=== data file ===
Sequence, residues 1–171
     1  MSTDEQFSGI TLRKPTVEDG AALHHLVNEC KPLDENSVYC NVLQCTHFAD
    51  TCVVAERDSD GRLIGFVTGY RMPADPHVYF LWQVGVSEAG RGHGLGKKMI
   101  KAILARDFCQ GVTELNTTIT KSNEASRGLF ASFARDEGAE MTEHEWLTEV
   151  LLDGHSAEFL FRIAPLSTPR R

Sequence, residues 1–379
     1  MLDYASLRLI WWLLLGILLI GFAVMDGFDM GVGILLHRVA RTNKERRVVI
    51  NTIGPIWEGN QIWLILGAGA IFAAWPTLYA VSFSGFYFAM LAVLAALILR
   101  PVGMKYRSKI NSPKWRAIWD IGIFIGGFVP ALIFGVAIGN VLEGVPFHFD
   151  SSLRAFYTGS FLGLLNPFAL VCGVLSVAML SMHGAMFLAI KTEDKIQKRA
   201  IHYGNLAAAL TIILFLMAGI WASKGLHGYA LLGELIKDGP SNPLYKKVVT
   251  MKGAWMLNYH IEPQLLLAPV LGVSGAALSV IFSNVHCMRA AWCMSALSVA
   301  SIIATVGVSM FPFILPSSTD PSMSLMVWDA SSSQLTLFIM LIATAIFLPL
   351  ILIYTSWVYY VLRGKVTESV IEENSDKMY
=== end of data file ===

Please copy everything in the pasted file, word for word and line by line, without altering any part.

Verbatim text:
Sequence, residues 1–171
     1  MSTDEQFSGI TLRKPTVEDG AALHHLVNEC KPLDENSVYC NVLQCTHFAD
    51  TCVVAERDSD GRLIGFVTGY RMPADPHVYF LWQVGVSEAG RGHGLGKKMI
   101  KAILARDFCQ GVTELNTTIT KSNEASRGLF ASFARDEGAE MTEHEWLTEV
   151  LLDGHSAEFL FRIAPLSTPR R

Sequence, residues 1–379
     1  MLDYASLRLI WWLLLGILLI GFAVMDGFDM GVGILLHRVA RTNKERRVVI
    51  NTIGPIWEGN QIWLILGAGA IFAAWPTLYA VSFSGFYFAM LAVLAALILR
   101  PVGMKYRSKI NSPKWRAIWD IGIFIGGFVP ALIFGVAIGN VLEGVPFHFD
   151  SSLRAFYTGS FLGLLNPFAL VCGVLSVAML SMHGAMFLAI KTEDKIQKRA
   201  IHYGNLAAAL TIILFLMAGI WASKGLHGYA LLGELIKDGP SNPLYKKVVT
   251  MKGAWMLNYH IEPQLLLAPV LGVSGAALSV IFSNVHCMRA AWCMSALSVA
   301  SIIATVGVSM FPFILPSSTD PSMSLMVWDA SSSQLTLFIM LIATAIFLPL
   351  ILIYTSWVYY VLRGKVTESV IEENSDKMY